Third-country economic relationships with the European Union

EU relationships

The European Union has a number of relationships with foreign states. According to the European Union's official site, and a statement by Commissioner Günter Verheugen, the aim is to have a ring of countries, sharing EU's democratic ideals and joining them in further integration without necessarily becoming full member states.


The European Free Trade Association (EFTA) was created to allow European countries to partake in a free trade area with less integration as within the European Communities (later European Union). Most of the countries initially in EFTA have since joined the EU itself, so only four remain outside, Norway, Iceland, Liechtenstein and Switzerland.

The European Economic Area (EEA) agreement allows Norway, Iceland and Liechtenstein to have access to the EU's internal market and vice versa. The four basic freedoms (goods, services, people, and capital) apply. However, some restrictions on fisheries and agriculture take place.


Norway is a member of the EEA, therefore it participates in the single market, and most EU laws are made part of Norwegian law. Norway has signed the Schengen treaty, which means border checks are no longer made.


Like Norway, Iceland joined the EEA, and is considered part of the European Single Market. Iceland has also signed the Schengen treaty. In 2009 Iceland applied to join the Union but the application was controversial and the Icelandic government withdrew it in 2015.[1]


Liechtenstein joined the EEA in 1995 and participates in the European Single Market.


The Swiss referendum to join the EEA in 1992 failed, so Swiss products do not participate in the European Single Market. However the country negotiated two series of bilateral agreements with the Union. The first series, Bilateral Agreements I, consists of seven bilateral agreements and was signed in 1999 (entry into force in 2001), the main part being Free Movement of Persons (full text of the agreement). The second series, Bilateral Agreements II, relates to nine areas and was signed in 2004 (entered into full force on 30 March 2005) and includes the Schengen treaty and the Dublin Convention (full text of the agreement) (official press release).


There are countries which, though not official members of the Eurozone, still use the euro as legal or de facto currency, through official agreements with the EU. These are European microstates which are largely economically dependent on their larger Eurozone-member neighbours.

  •  San Marino: San Marino is not a member state of the EU, but had a special agreement with Italy to mint a limited number of Lira coins. With the passage to the Euro, the agreement was updated so that San Marino could mint specific Euro coins that can be used in all the Eurozone.
  •   Vatican City: The Vatican City State is not part of the EU, but like San Marino, there is an agreement to mint its own Euro coins (limited) which are legal tender in the Eurozone.
  •  Monaco: Monaco is not a member state of the EU, but French VAT applies. The Monegasque state had a special agreement with France (and now the EU) to mint its own Euro coinage, which is legal tender in all the Eurozone.

Some other countries unilaterally decided to use the Euro without having currently a formal agreement with the EU.

Customs unions

Certain countries are in customs union with the EU. These are:

European Union free trade agreements

EU Free trade agreements

EU has concluded free trade agreements with many countries in the world, and negotiating with more through Stabilisation and Association Process, Association Agreements and Economic Partnership Agreements.

European Neighbourhood Policy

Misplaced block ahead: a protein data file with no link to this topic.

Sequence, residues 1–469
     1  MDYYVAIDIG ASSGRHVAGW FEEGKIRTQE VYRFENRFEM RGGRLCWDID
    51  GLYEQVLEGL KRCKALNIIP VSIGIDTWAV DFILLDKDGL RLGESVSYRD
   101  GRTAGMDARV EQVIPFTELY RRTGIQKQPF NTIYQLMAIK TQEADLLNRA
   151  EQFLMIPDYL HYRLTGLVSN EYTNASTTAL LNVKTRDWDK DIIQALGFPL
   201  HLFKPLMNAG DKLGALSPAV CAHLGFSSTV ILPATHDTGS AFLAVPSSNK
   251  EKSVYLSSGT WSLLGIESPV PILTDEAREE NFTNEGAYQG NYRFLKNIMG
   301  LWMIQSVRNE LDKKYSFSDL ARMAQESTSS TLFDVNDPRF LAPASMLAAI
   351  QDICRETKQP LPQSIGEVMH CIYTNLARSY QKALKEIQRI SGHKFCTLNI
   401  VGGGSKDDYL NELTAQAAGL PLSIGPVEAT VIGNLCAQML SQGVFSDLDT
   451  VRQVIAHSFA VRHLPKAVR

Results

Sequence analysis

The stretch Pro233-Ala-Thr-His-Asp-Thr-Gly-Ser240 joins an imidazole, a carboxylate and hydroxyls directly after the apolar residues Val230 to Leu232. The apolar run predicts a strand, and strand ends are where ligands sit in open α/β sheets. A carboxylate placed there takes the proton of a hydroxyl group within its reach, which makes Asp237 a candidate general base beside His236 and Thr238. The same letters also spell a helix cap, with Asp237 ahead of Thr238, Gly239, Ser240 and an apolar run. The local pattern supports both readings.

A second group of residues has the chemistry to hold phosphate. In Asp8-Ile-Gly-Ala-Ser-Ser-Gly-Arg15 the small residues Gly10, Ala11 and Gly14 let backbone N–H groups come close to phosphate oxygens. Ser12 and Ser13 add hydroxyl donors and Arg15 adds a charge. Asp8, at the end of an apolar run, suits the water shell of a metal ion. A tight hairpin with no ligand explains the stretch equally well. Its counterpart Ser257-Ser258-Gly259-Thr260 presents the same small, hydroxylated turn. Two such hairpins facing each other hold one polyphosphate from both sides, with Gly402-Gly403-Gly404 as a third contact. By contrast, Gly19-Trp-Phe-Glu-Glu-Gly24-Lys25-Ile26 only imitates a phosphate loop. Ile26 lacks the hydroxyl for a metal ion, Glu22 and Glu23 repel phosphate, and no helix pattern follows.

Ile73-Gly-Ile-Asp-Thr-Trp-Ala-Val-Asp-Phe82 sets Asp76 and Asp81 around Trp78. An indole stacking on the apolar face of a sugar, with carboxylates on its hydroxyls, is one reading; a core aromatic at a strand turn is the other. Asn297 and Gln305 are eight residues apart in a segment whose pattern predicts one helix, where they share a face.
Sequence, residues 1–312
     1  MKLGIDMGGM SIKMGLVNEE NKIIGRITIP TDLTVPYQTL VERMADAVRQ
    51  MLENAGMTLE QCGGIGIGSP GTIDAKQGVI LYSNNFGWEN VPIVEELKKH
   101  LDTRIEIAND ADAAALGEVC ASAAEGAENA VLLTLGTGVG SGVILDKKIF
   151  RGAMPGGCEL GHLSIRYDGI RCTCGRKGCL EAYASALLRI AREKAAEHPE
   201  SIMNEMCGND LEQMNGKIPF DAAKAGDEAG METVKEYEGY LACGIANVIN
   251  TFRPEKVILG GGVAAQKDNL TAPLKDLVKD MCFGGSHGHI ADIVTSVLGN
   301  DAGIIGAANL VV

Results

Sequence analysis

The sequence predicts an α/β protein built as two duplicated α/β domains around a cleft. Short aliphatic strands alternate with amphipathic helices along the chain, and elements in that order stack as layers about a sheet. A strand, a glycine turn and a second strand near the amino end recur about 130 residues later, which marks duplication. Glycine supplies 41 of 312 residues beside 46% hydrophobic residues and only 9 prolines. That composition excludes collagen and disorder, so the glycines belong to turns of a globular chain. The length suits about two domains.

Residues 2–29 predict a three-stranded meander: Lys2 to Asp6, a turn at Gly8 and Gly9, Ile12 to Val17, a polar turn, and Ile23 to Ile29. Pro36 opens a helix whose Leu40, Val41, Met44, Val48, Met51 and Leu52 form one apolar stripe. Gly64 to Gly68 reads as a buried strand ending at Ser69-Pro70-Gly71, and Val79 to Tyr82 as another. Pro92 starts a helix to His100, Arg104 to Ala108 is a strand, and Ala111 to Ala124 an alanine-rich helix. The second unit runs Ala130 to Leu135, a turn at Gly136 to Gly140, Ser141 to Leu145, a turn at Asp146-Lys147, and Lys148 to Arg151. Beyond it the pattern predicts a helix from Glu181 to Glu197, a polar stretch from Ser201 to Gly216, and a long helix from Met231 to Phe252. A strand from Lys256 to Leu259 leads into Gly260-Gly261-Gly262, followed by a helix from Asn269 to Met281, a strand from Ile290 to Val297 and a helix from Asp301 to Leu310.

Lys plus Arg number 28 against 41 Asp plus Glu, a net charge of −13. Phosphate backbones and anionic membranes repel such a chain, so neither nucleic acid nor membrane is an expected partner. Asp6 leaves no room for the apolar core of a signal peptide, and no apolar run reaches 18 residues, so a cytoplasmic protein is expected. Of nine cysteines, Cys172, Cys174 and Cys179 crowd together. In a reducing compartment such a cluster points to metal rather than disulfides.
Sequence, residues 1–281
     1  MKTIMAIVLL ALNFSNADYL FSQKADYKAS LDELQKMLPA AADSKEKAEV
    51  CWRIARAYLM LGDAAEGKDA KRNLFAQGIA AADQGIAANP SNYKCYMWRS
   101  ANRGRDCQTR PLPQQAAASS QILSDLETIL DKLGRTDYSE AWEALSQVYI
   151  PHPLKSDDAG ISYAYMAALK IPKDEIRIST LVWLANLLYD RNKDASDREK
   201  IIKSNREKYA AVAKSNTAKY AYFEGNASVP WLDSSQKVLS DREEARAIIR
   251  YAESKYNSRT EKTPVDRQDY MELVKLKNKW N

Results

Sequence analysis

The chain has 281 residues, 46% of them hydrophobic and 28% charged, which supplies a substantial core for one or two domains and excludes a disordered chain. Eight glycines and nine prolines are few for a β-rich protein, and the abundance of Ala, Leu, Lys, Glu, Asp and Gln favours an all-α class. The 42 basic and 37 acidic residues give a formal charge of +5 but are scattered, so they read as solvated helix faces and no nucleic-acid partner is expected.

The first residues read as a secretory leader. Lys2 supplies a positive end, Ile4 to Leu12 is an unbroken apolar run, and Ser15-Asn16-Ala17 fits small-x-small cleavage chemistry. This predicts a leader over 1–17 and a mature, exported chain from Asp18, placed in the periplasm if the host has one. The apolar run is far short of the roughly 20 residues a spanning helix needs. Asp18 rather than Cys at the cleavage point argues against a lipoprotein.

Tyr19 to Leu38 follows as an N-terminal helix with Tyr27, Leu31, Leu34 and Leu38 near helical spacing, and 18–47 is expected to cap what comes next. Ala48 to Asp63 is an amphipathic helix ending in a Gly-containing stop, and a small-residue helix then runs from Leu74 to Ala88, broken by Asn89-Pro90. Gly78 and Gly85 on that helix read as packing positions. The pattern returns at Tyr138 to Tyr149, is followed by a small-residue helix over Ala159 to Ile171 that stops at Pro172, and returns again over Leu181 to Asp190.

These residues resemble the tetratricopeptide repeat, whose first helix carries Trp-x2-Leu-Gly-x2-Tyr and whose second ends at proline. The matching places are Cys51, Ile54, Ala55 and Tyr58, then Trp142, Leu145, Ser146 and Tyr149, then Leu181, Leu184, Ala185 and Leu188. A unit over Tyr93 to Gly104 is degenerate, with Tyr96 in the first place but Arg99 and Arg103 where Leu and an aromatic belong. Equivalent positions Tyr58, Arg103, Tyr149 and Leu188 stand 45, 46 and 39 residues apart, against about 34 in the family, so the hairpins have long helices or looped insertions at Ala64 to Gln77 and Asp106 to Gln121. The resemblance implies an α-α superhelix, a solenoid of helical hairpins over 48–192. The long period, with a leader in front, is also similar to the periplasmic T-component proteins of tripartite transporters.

EU European Neighbourhood Policy
  Eastern Partnership ENP countries
  Other ENP countries (all but Libya are UfM members)
  UfM members, which are not an ENP country, part of the EU or its enlargement agenda)

Covers Morocco, Algeria, Tunisia, Libya, Egypt, Jordan, Lebanon, Syria, Israel, Palestinian Authority, Moldova, Ukraine, Georgia, Armenia, Azerbaijan, Belarus, and Russia (through the formation of common spaces).

According to the European Union's official site, the objective of the European Neighbourhood Policy (ENP) is to share the benefits of the EU's 2004 enlargement with neighbouring countries. It is also designed to prevent the emergence of new dividing lines between the enlarged EU and its neighbours. The vision is that of a ring of countries, drawn into further integration, but without necessarily becoming full members of the European Union. The policy was first outlined by the European Commission in March 2003. The countries covered include all of the Mediterranean shores of Africa and Asia, as well as the European CIS states (with the exception of Russia and Kazakhstan) in the Caucasus and eastern Europe. Russia insisted on the creation of the four EU–Russia Common Spaces instead of ENP participation. Kazakhstan's Foreign Ministry has expressed interest in the ENP [1][permanent dead link]. Some MEPs also discussed Kazakhstan's inclusion in the ENP.[2]

The European Neighbourhood Instrument (ENI), came into force in 2014. It is the financial arm of the European Neighbourhood Policy, the EU's foreign policy towards its neighbours to the East and to the South. It has a budget of €15.4 billion and provides the bulk of funding through a number of programmes. The ENI, effective from 2014 to 2020, replaces the European Neighbourhood and Partnership Instrument – known as the ENPI.

The Euro-Mediterranean Partnership or Barcelona Process is a wide framework of political, economic and social relations between member states of the EU and countries of the Southern Mediterranean. It was initiated on 27–28 November 1995 through a conference of Ministers of Foreign Affairs, held in Barcelona. Besides the 27 member states of the European Union, the remaining "Mediterranean Partners" are all other Mediterranean countries without Libya (which has had 'observer status' since 1999). Since the establishment of the European Neighbourhood and Partnership Instrument in 2007 (see below) the Euro-Mediterranean Partnership initiative will become fully a part of the wider European Neighbourhood Policy. The Association Agreements signed with the Mediterranean states aim at establishing of a Euro-Mediterranean free trade area.